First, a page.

Working at the forefront of craniosynostosis and cleft lip and/or palate research, Kamlesh Patel, MD, leads the craniofacial and pediatric research lab at Washington University School of Medicine. This multidisciplinary lab’s groundbreaking work has demonstrated the success of a novel approach to craniosynostosis surgery and continues work to advance pediatric reconstructive research. His work is supported by Children’s Hospital Foundation.

Currently, Patel’s lab focuses on:

  • Optimizing value-based multidisciplinary team care for patients with cleft lip and/or palate to significantly reduce patient wait time and unnecessary clinic visits without compromising patient care
  • Measuring neurodevelopmental outcomes following endoscope-assisted repair of craniosynostosis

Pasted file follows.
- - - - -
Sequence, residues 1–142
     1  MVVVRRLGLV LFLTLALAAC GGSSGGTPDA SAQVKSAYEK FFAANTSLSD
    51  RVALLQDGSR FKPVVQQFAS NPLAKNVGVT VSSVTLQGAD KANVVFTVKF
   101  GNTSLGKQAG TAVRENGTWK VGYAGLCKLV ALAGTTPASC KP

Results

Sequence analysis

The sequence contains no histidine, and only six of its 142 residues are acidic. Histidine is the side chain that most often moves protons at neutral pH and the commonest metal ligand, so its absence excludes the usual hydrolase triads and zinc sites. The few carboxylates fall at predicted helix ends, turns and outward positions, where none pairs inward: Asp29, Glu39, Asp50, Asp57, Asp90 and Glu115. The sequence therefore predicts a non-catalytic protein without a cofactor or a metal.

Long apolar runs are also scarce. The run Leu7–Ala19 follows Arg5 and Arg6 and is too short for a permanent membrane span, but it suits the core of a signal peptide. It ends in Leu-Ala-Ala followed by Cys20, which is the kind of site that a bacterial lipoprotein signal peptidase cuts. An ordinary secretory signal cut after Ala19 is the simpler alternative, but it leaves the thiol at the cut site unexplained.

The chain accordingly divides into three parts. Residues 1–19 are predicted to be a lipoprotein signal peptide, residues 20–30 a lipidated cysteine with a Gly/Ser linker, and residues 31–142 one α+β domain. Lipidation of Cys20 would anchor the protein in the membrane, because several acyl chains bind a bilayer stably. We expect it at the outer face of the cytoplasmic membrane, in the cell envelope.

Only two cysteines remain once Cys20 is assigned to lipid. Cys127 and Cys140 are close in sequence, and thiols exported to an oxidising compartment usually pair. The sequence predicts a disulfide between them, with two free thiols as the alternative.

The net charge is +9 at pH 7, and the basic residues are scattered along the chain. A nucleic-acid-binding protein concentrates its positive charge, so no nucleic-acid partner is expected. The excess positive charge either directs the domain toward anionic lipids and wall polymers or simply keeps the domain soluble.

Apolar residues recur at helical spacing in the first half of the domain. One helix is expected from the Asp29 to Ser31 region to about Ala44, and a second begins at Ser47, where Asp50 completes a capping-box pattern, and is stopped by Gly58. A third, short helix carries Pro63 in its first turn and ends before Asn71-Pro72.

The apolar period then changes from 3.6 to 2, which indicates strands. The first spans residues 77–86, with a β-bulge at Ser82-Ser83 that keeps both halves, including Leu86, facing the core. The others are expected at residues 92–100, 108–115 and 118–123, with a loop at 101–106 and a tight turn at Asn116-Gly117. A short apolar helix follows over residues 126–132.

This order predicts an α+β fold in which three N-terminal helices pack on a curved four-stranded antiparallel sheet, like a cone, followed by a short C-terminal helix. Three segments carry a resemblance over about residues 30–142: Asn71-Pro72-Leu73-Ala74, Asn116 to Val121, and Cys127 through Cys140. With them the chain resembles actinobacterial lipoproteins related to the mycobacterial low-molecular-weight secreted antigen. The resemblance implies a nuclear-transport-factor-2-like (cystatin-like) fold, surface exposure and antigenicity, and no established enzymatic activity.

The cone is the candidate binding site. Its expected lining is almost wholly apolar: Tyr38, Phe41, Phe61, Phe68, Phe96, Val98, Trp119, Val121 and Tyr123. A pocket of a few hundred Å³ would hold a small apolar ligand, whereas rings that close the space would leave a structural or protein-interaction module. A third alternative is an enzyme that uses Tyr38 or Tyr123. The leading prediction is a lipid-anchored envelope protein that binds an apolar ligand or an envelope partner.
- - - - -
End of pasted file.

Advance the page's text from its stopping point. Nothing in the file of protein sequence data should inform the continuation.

• Imaging skull bones via MRI to eliminate the risk of brain cancer from CT radiation
  • Anthropometric and patient-reported outcomes in patients with congenital craniofacial conditions. This work focuses on the interplay between physical appearance and psychological and social factors, taking patient and parent perspectives into account to transform patient care.

Pediatric and Nerve Surgery Lab

The Pediatric and Nerve Surgery Lab is led by  Alison Snyder-Warwick, MD, in a multidisciplinary research effort that strives to advance many aspects of pediatric treatment. This lab’s current work includes:

  • Improving tools and outcomes for reconstruction of facial nerve deficits
    Snyder-Warwick is part of a multidisciplinary, international effort to provide more standardized methods for universal assessment of facial movement.